TreesCount! training

At TreesCount! 2015 orientation events, NYC Parks staff and their partners met with volunteer citizen scientists to talk about how the ongoing census helps the City, how citizen scientists can participate in the data collection, and how the census methodology works in the field.

by Charles Cochran, Street Tree Census Coordinator and Ben Greer, TreesCount!2015 Assistant Coordinator, NYC Parks and Recreation
~Infographic by Peter Tiso and Annie Weinmayr
~Photos Courtesy of NYC Parks

TreesCount! 2015 is the third decadal inventory of NYC’s street trees. This is the first tree census to use volunteer citizen scientists to be the primary data collectors. Individuals who have mapped went through a full training process with NYC Parks Census staff, mapped in “events” with other volunteers or mapped independently. Community partners ranging from environmental non-profits, business improvement districts, youth groups and community boards have also played a key role in training and engaging volunteers to map their neighborhoods. Volunteers have mapped 200,000 trees, 30% of the city, since May 2015.

The street tree dataset will provide NYC Parks with information that can improve operational efficiency in the field, better allocate funds for high priority projects, and investigate the best management practices for urban trees. A complete census will allow us to assess trends in tree health, diversity, and growth. Research specific, pressing environmental questions like how the trees of New York City have responded to inundation from Hurricane Sandy. The data will also help dictate Central Forestry’s street tree planting program to better target areas in need.

Volunteer effort!

TreesCount! 2015 could not have been completed without an overwhelming volunteer effort. The Census event staff helped host 900 events in all five boroughs, engaging 2,286 volunteers.

This data will also hopefully engage and inform NYC’s volunteer tree steward community. The Parks Digital Media team in conjunction with the Stewardship Division has launched a beta version of the NYC Tree Map. This interactive tool allows tree stewards to adopt trees, record their tree care, locate trees in need and report problems. Please take a look and send our Digital Media any comments, suggestions, or praise!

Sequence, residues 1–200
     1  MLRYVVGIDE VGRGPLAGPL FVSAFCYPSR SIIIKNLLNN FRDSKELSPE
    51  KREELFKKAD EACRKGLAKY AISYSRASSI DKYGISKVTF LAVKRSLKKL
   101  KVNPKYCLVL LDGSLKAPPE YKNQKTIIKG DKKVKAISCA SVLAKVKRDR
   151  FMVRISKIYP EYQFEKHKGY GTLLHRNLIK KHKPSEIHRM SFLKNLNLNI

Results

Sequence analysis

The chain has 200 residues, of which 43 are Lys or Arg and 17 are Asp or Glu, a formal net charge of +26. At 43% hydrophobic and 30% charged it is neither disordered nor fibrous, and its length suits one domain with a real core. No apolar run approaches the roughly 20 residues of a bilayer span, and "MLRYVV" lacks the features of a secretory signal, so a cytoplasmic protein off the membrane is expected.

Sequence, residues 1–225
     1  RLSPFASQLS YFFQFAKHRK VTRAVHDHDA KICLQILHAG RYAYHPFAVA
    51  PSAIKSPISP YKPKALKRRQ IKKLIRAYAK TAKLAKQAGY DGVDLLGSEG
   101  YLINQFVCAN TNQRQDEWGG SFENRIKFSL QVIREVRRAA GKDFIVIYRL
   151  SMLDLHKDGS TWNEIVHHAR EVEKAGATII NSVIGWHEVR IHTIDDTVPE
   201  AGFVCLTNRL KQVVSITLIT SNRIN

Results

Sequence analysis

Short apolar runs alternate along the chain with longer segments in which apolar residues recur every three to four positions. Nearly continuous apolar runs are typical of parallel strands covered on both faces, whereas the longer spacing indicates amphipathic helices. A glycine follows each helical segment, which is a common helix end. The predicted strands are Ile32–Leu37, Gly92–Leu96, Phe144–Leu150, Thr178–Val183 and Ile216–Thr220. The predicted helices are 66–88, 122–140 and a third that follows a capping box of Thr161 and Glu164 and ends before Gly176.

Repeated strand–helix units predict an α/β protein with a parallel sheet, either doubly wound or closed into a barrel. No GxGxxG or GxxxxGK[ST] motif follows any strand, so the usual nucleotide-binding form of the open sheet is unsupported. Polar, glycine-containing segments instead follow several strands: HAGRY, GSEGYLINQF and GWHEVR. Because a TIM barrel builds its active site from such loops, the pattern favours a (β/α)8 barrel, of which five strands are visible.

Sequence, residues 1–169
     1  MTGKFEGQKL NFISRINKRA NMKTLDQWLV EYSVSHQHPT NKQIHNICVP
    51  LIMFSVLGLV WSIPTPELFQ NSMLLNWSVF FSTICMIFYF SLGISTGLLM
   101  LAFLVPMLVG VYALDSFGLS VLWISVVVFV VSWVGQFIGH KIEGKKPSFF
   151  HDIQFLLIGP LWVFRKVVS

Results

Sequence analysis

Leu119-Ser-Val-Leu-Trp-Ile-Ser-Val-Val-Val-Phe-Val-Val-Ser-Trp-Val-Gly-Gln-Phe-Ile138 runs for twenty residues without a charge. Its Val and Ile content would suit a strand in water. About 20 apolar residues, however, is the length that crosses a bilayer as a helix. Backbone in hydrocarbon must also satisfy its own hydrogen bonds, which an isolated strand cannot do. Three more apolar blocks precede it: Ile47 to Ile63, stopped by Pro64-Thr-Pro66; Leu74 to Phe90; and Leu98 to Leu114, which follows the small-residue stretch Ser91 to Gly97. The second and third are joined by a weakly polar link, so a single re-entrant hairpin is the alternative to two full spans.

Fordham students

College students at Fordham University in the Bronx pitch in and count. This group is emblematic of the large role students played in the volunteering mapping effort. TreesCount! 2015 had mappers from all educational levels participating through structured class involvement to individual volunteering efforts. One of our favorite student mappers had to complete three hours of volunteer work for school, but after he reached his quota, he loved it so much he mapped 25 more!

The TreesCount! 2015 dataset will also be distributed to the public through NYC Open Data law. The dissemination of the data will hopefully empower people to become active stewards of the urban forest and provide essential information to local non-profits to help with grant writing and labor and money allocation.

Parks staff

TreesCount! 2015 was primarily a volunteer effort, but there are a whole host of Park’s employees working hard in various functions to facilitate the completion of the census. Expert data collectors were deployed across the city to map difficult blocks and perform quality assessment of completed work. GIS specialists compile and organize raw data, and volunteer coordinators engaged and trained New Yorkers to map NYC’s urban forest.

Once the census is complete, the Parks department will calculate the ecological and financial benefits of each street tree and the tree population as a whole. Currently 80% of the city has been mapped. The Bronx, Manhattan, and Staten Island have been completely surveyed. 2,286 volunteer mappers have identified 132 tree species for a grand total of 531,695 trees being counted. The remaining 26,000 blocks are expected to be completed by early fall 2016.


Not many TreesCount! 2015 volunteers were under the age of 10, but those few  that did map received a crash course on urban environmental education. The children of New York City like any youth in the world are born with an innate curiosity and love for the environment but lack chances to interact and actively engage with it. The methodology of the census allowed any age group to get involved and play a helpful role.

The 2015 Street Tree Census used a spatially accurate method developed by TreeKIT to inventory trees. In contrast to previous census mapping methods, the TreesCount web app maps trees using geospatial imagery. The web app allows a citizen scientist to choose any block in the city, map the trees, and then upload the data in real time into the TreesCount! 2015 database. The streetscape infographic below outlines the procedure, step by step, of how a citizen scientist would map a typical block in New York City (for a higher resolution version, click here). For more information about TreesCount! 2015, please see the project’s website.

How Data is Collected